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article imageLong-term marijuana use might kill motivation from lower dopamine

By Kathleen Blanchard     Jul 1, 2013 in Science
Researchers at the Imperial College London, UCL and King’s College London have found long-term cannabis users have lower levels of the chemical dopamine in the brain that is necessary for motivation.
Dopamine, which has several roles in the body and acts like a signal to other brain cells, was found to be lower in people who smoked marijuana regularly and who started at a younger age.
The researchers say the finding came as a surprise. Because dopamine is linked to psychosis, they expected the chemical to be higher in long-term marijuana users.
The study only looked cannabis users who experienced psychotic episodes such as strange body sensations or feeling like they were being watched or threatened by an unknown entity.
Study participants had their first marijuana experience between age-12 and 18.
Dr Michael Bloomfield, from the Institute of Clinical Sciences at Imperial who led the study said in a press release, “The results weren't what we expected, but they tie in with previous research on addiction, which has found that substance abusers – people who are dependent on cocaine or amphetamine, for example – have altered dopamine systems.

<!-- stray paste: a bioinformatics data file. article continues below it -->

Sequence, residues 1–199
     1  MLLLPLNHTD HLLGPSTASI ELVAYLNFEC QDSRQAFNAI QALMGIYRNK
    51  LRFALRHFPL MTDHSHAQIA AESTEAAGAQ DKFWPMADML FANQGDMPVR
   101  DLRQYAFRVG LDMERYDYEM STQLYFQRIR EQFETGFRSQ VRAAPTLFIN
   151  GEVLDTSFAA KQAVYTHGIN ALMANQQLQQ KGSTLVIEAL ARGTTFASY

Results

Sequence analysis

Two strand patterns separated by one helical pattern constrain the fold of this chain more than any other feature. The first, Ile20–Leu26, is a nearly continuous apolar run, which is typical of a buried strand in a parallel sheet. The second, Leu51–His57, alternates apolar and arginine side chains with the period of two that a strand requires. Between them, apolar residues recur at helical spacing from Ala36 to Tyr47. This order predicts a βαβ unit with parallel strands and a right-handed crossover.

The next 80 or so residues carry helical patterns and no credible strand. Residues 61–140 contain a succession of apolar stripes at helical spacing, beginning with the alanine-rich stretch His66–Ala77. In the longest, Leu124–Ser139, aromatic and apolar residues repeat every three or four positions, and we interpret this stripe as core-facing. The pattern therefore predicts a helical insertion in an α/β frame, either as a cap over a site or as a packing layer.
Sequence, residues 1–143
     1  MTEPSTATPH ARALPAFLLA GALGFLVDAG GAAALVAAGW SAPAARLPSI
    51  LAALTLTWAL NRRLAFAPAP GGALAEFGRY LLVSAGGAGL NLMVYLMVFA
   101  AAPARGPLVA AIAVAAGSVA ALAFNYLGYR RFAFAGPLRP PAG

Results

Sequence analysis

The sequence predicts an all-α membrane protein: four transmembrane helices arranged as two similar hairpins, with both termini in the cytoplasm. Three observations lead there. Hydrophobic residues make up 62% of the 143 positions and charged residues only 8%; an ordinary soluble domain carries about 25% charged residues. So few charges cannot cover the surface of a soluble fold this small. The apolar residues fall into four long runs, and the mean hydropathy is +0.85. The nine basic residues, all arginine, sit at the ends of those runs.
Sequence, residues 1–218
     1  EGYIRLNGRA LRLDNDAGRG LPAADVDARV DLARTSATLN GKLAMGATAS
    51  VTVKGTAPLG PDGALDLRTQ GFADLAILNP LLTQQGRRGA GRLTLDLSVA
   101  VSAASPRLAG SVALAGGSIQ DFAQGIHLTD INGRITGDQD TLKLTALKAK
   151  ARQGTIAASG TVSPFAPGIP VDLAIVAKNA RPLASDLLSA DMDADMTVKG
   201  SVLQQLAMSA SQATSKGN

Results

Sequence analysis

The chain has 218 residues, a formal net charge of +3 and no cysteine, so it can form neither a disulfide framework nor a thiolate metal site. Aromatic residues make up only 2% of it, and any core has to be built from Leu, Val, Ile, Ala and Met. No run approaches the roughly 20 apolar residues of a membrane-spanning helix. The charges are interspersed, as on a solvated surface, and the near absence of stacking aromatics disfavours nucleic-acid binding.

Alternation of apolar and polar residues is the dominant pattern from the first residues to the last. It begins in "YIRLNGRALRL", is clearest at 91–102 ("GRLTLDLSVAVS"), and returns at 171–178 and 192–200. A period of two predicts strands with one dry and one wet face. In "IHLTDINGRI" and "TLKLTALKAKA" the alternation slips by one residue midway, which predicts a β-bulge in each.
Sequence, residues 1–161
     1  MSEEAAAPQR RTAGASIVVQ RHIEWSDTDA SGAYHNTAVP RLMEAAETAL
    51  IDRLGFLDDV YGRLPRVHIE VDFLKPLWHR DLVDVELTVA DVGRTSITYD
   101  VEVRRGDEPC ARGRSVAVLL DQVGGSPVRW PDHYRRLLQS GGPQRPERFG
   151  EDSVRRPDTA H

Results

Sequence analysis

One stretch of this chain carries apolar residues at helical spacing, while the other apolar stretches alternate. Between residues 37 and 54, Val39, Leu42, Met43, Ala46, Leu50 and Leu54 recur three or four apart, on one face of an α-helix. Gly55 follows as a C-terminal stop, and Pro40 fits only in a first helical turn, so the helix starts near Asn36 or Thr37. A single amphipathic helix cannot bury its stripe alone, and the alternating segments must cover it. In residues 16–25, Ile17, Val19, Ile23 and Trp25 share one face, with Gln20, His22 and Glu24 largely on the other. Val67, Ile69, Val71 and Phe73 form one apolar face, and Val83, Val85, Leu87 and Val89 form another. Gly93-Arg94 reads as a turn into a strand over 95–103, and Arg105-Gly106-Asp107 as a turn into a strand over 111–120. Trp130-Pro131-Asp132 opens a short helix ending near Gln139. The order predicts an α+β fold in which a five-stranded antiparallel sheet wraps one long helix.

Bloomfield said”…we think the findings would apply to cannabis users in general, since we didn't see a stronger effect in the subjects who have more psychotic-like symptoms”. He adds, that theory does need more testing.
He adds the finding might explain the controversial "amotivational syndrome" described among people who smoke marijuana, though whether that even exists is unknown.
For the study, researchers used PET scans to look at dopamine production in the brain of 19 regular cannabis users and 19 non-users who were age and gender matched.
The research does not prove marijuana smokers have less motivation than non-smokers, just to be clear. It merely shows smoking cannabis over a long period of time could be a culprit for lower dopamine levels in the brain that is responsible for keeping us motivated, aroused and feeling rewarded.
More about Marijuana, longterm use, Study, Dopamine, Motivation
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